University of Wisconsin–Madison

About our Lab

We investigate conserved genetic mechanisms that control vertebrate embryogenesis by focusing on a conserved family of zinc-finger transcription factor genes, the Zinc-Finger-in-the-Cerebellum (Zic) family. Zics are essential for normal brain morphogenesis in mammals; in humans, mutations in Zic1 are associated with cerebellar malformations, and mutations in Zic2 are associated with holoprosencephaly, the most prevalent congenital malformation of the cerebral cortex. We use an experimentally accessible model organism, the zebrafish (Danio rerio), to elucidate the mechanisms of Zic function in the developing embryo. By leveraging the unique strengths of zebrafish, i.e. the ease of direct observation and genetic manipulation, we have identified novel roles for Zic2 in two essential signaling pathways widely used during development, the Wnt and Hedgehog pathways. We have identified key roles for Zic2 during brain morphogenesis as well as the formation of the neural retina/brain interface and of the adjacent craniofacial cartilages that form frontonasal and jaw structures. With robust mutant-based models in hand, we are working to gain an in-depth understanding of the important, yet poorly understood mechanisms that underlie conserved requirements for Zic function during vertebrate embryogenesis.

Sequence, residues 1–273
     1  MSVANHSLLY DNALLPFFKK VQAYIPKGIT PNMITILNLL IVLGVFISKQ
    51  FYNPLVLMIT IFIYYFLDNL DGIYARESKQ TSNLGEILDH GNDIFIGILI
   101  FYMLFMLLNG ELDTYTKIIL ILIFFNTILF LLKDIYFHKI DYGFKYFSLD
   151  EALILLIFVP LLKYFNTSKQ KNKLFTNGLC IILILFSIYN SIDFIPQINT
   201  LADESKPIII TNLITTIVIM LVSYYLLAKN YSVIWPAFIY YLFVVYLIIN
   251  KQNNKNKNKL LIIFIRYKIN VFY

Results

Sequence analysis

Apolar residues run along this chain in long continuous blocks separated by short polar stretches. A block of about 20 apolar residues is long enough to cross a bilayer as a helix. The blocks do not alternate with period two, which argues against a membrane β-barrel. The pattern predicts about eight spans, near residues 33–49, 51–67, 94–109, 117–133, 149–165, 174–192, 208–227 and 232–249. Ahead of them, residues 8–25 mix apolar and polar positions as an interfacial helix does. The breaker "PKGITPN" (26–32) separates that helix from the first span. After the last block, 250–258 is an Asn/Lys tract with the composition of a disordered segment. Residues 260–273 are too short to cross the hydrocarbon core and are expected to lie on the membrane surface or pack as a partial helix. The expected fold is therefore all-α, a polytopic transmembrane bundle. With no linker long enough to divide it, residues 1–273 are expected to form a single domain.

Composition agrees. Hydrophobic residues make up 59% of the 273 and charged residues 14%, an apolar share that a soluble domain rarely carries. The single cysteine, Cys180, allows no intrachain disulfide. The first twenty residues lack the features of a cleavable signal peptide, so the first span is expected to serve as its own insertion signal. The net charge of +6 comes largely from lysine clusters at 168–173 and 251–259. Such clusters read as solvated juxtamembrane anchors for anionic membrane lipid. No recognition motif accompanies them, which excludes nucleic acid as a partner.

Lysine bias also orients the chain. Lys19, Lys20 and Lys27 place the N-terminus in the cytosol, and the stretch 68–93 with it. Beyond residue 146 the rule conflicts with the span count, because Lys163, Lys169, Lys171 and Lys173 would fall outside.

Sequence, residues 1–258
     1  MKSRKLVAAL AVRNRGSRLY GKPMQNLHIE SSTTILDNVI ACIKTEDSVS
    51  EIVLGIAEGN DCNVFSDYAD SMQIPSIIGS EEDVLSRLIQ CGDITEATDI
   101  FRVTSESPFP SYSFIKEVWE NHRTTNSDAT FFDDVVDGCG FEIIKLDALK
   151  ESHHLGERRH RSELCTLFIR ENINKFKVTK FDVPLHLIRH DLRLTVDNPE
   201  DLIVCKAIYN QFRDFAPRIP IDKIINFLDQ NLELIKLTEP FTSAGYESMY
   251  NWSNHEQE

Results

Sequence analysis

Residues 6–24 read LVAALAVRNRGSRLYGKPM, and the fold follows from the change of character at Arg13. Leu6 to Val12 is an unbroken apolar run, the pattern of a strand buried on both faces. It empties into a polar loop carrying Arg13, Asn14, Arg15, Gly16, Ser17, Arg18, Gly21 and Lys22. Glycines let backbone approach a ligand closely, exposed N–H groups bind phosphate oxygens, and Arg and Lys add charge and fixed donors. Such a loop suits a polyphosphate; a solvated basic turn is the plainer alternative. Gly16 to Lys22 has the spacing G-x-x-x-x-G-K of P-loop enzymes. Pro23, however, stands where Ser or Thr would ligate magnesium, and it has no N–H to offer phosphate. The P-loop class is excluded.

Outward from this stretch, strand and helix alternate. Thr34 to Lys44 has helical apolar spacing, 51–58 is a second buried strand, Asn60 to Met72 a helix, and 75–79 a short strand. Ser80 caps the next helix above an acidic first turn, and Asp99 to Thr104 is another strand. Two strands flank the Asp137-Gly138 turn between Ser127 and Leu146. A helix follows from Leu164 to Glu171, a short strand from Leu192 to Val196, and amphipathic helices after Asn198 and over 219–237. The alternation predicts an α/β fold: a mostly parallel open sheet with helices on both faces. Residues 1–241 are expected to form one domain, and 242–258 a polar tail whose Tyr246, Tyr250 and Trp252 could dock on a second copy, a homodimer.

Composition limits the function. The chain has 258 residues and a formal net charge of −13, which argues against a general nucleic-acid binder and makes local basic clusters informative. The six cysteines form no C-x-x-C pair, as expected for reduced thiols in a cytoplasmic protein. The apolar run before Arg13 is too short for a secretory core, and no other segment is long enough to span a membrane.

Research

Forebrain and Retinal Morphogenesis

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Neural Tube Morphogenesis

Neural Tube Morphogenesis

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